Thereafter plaintiff brought this action to obtain a cancellation of both said check and said promissory note. Judgment went for defendants denying the relief sought, and plaintiffs appealed.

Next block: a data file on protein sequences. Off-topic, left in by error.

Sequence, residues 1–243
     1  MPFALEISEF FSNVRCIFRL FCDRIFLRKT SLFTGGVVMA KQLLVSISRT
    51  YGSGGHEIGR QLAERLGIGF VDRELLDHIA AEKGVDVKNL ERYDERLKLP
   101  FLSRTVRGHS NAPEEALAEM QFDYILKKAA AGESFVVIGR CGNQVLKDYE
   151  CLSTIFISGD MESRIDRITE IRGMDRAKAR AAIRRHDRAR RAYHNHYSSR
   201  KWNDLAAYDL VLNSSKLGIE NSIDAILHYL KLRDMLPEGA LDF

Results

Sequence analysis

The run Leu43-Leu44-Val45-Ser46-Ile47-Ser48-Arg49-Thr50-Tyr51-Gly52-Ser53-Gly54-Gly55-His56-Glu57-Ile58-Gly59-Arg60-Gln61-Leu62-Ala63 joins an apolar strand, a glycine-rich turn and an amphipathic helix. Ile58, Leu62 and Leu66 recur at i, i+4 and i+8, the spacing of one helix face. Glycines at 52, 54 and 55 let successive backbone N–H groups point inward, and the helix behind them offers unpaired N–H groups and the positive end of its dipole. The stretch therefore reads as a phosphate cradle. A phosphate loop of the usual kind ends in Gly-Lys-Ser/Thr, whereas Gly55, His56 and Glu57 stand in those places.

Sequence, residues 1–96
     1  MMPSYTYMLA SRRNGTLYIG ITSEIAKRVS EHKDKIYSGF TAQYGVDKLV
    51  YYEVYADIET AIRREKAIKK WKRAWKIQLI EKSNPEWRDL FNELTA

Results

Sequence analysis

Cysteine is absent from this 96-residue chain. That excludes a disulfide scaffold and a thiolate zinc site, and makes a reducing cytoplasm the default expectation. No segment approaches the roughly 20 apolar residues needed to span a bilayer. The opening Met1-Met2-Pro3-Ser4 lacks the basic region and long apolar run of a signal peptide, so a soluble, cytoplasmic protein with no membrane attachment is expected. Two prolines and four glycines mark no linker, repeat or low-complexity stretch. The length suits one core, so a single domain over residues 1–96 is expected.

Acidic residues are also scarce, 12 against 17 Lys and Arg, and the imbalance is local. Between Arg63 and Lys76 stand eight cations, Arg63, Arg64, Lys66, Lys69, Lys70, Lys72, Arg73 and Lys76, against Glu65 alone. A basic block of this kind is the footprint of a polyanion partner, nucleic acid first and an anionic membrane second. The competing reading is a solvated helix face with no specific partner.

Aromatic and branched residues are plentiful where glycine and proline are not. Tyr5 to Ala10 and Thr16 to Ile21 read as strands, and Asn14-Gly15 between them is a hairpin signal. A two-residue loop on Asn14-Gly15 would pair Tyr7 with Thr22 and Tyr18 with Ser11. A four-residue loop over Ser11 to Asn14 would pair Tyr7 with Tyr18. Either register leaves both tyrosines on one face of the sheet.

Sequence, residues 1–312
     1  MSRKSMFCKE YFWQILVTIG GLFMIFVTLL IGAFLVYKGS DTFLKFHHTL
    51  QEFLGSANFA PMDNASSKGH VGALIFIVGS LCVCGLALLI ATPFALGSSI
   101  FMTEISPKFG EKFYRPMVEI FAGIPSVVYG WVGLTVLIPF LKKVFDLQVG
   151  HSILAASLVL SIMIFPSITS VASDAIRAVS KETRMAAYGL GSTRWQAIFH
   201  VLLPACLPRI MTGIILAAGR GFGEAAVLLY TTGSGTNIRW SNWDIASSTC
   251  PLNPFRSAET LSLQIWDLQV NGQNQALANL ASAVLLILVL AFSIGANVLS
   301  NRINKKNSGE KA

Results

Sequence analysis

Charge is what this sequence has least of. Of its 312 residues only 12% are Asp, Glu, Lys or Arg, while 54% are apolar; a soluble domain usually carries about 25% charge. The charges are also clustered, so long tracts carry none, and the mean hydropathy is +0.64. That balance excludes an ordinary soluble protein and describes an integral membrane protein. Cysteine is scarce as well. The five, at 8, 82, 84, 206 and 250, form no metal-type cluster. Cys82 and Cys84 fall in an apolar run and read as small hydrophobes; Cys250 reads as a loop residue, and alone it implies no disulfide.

The only question in the case is the construction to be placed on paragraph 12 of said lease respecting the consent of the lessors to assignments of the lease and the conditions on which successive ones are to be granted or permitted. Appellants' contention, coming down to its real effect, is that the plaintiffs in making an assignment to Merrill were entitled to have the consent of defendants thereto without the payment of any sum of money whatever; that the right to exact the payment of a sum equivalent to the amount of three months' rent as a condition to an assignment had been satisfied and exhausted when the first assignment of the lease was made and had no application to assignments thereafter; that such deposit of $1,488 was intended as security for the payment of the last three months' rent of the lease, and was fully complied with on the first payment and the provision respecting it was thereafter inoperative, as it could only be complied with once. According to this construction which plaintiff seeks to put on the contract, though the lease was for a term of ten years and though many occasions might arise in that time for assigning it, the only matter really contemplated by paragraph 12 was a payment of rent as such for the first assignment and not a payment or bonus for the consent to any assignment. We see nothing in the terms of the provision in question which compels such a construction. In fact, to do so would require a consent on the part of the lessors without any bonus or consideration therefor after the first assignment. But the provision relating to consent to an assignment does not say anything about applying the amount paid by the lessees as a payment on the last three months' rent of the lease. The three months' rent is merely mentioned in connection with $1,488 as measuring the sum to be paid. If it had been intended that such payment should be made solely as a deposit to secure the payment of the last three months' rent of the term, it would have been very easy to have said so. Not doing so, the sum required must be considered as a payment which might be exacted by the lessors as a consideration or bonus each time that their consent to an assignment was given and not as a payment of rent. But even if we should construe the provision as one treating the payment of the $1,488 as security for the last three months' rent to ultimately be applied thereon, and therefore the provision requiring its payment was exhausted on the first assignment, it does not follow that the lessors were bound to consent to the second assignment of the lease without any consideration. It is to be noted that by paragraph 4 the lessees are prohibited from making any assignment of the lease whatever without in each case the consent of the lessors, and the lessees were the Kendises. By paragraph 12 this prohibition is qualified to the extent that if the lessees desired to assign their interest in the lease, the lessors will consent to said assignment upon the lessees depositing or giving the lessors a sum of money equal to the last three months' rent of the lease amounting to $1,488, said money to be paid to the lessors, "and in no case shall the lessors be obligated to consent to any assignment of the lease except as herein provided and unless tenant is absolutely satisfactory to lessor." Now, this paragraph must be construed as a whole, and if its effect, as contended by plaintiffs, is that the right to demand $1,488, or any other sum for the assignment, was exhausted by the payment made by the original lessees, the Kendises, it must necessarily follow that the right thereafter to require an assignment by any assignee of the lessees without such payment is gone also, because it is so declared in the very same provision when it says that in no case shall the lessors be required to consent to an assignment of the lease excepting as therein provided, namely, by payment of said $1,488. If the result of the first payment is to exhaust any right of the lessors to demand its payment again for a subsequent assignment, then also any right of the lessees to demand any subsequent assignment without such payment cannot exist, because paragraph 12 says it shall not; the rights of all parties under the paragraph are gone for all purposes, and the only provision in the lease thereafter controlling as to consent of the lessors is paragraph 4, which provides that no assignment shall be made without the consent of the lessors, and, of course, the lessors could fix any terms of payment for giving their consent that they saw fit.